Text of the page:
Tom Allett spoke to airport Director Mike Morton about how DTVA is battling against the recession.
Mike Morton certainly has his hands full as the Director of two UK regional airports.
He was once a trained mining engineer. However, due to the government policy of some 20 years ago, that industry was run down. Eventually, despite achieving his ambition of running his own colliery, he had to change direction. His aviation career began in 1996 when he joined BA World Cargo before moving on to work for Servisair and Coventry Airport. He joined the Peel Airports Group as the Director of Robin Hood Doncaster Airport in 2008 – a position he still holds – and added Director, Durham Tees Valley Airport (DTVA), to his job titles in June this year.
DTVA is located approximately 10 miles (16km) southwest of Middlesbrough and 24 miles (39km) south of Durham. It was originally built as a RAF station. Closed after being declared surplus to requirements in 1963, the airfield was purchased and refurbished by the local authorities before starting its commercial life the following year. It was renamed as Teesside International Airport when a new terminal was opened in 1966.
Taken over by the Peel Airports Group and subsequently renamed Durham Tees Valley Airport in 2004, it enjoyed significant growth over the next two years. Today though, there is no hiding the fact that DTVA, like most other airports, is having a tough time.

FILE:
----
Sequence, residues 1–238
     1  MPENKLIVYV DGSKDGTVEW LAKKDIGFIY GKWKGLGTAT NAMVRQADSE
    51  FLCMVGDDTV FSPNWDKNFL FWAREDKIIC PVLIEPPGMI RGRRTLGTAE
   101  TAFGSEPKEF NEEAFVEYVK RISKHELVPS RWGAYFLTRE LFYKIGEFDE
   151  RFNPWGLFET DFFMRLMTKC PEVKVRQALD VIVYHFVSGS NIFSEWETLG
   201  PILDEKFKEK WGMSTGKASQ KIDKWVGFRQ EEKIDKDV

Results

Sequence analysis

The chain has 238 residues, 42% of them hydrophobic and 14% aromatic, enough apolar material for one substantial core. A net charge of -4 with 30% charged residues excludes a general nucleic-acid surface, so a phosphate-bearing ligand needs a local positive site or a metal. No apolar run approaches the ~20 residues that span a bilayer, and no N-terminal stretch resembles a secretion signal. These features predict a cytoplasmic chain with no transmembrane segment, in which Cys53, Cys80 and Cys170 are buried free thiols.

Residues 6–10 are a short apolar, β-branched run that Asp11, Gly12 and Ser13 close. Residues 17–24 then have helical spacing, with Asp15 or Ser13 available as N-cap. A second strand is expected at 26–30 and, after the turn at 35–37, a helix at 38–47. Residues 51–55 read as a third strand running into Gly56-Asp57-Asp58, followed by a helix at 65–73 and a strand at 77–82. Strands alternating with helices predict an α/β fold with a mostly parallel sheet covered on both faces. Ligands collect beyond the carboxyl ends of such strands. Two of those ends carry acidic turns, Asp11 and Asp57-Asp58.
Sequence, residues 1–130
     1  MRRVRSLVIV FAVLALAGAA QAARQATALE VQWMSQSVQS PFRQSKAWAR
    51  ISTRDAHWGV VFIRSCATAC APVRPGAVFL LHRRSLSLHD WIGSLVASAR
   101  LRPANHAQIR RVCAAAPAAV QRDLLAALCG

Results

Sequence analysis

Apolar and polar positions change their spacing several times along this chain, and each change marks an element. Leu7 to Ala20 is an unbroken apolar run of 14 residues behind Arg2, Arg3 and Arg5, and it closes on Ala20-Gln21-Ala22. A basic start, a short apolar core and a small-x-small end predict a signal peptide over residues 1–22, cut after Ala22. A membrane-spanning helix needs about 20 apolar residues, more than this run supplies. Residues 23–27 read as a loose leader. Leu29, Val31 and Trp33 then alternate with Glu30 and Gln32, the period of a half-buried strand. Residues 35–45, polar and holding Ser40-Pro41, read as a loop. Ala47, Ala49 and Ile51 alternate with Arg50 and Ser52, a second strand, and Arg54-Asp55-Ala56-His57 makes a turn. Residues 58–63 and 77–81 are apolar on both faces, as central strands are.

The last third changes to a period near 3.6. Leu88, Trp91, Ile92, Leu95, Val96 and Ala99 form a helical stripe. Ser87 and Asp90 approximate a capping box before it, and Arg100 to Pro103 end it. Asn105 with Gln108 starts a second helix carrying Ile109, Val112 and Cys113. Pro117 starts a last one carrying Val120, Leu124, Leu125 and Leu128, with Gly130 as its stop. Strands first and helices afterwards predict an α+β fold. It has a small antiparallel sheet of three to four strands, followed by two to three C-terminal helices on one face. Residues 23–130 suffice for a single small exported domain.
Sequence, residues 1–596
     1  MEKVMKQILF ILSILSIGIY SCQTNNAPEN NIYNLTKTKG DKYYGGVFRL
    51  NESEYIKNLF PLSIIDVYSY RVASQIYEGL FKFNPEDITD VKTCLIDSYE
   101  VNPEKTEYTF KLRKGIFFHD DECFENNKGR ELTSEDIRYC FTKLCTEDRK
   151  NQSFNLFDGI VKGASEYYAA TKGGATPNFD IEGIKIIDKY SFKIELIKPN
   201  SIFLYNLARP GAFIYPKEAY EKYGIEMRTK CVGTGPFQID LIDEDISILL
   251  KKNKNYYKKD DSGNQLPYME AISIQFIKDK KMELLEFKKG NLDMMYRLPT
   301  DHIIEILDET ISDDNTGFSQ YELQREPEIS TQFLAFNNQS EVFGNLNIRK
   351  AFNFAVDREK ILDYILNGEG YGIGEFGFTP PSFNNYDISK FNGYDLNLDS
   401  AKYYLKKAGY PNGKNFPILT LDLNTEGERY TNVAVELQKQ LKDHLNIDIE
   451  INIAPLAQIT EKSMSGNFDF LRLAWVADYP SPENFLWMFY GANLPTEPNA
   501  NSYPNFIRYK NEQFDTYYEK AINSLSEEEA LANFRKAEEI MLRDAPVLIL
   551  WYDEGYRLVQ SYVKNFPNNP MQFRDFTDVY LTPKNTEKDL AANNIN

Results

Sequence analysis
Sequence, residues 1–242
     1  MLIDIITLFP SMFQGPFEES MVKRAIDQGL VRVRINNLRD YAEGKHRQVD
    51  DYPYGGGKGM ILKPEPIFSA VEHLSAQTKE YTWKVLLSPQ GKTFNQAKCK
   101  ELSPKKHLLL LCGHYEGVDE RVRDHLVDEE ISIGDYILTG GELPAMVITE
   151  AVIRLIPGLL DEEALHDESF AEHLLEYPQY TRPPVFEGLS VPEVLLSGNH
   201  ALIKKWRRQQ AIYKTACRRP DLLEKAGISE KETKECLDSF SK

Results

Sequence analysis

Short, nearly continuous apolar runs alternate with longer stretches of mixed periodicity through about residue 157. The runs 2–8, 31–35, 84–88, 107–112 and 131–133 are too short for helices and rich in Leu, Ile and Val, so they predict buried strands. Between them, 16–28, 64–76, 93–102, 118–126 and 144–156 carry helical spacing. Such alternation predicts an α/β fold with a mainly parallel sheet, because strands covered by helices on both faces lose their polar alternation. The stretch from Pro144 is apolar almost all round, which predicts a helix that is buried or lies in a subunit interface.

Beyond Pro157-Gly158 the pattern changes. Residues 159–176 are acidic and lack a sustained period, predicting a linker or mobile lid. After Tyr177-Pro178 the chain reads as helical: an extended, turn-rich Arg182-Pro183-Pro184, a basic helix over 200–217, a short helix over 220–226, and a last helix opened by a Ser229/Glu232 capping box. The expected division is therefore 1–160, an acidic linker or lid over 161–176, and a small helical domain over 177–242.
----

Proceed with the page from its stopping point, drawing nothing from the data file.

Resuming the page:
The airport primarily serves the areas of County Durham and North Yorkshire, but competes directly for passengers with Newcastle and Leeds Bradford Airports, both of which are within 90 minutes by road.
Mr Morton explained: “if you look back to the heady days of 2006, things were going well. We handled around 960,000 passengers that year and it looked as if it would continue
“However, we lost fly-globespan, which went bust, costing us several routes – and a proposed bmi baby base fell through. Then we were also hit by the consolidation of First Choice [Airways] and Thomsonfly.
“Losing the bmi baby base was the biggest hit, but overall the bottom line was that we had lost our core charter business and that is something we are still recovering from.”
Inevitably, a significant loss of passengers led to job losses in a several areas for both airport and its airlines. The airport’s operating hours were reduced from 24/7 to 18 hours per day and among the redundancies were several air traffic control staff, mainly assistants rather than controllers.
The airport’s cleaning requirements had been outsourced, but were then brought back in-house. Approximately 50 jobs were lost.
Today, business travel is the airport’s core activity and services provided by Eastern Airways and KLM are key factors for the airport’s future. DTVA lost its London Heathrow link in 2009 just months short of the route’s 40th anniversary.
Asked for his opinion of what new service would benefit the airport most Mr Morton replied: “While it would be nice to have a [London] Heathrow or Gatwick service again, I don’t think that will ever happen because those airports have different ideas [to us] about the types of services they want there.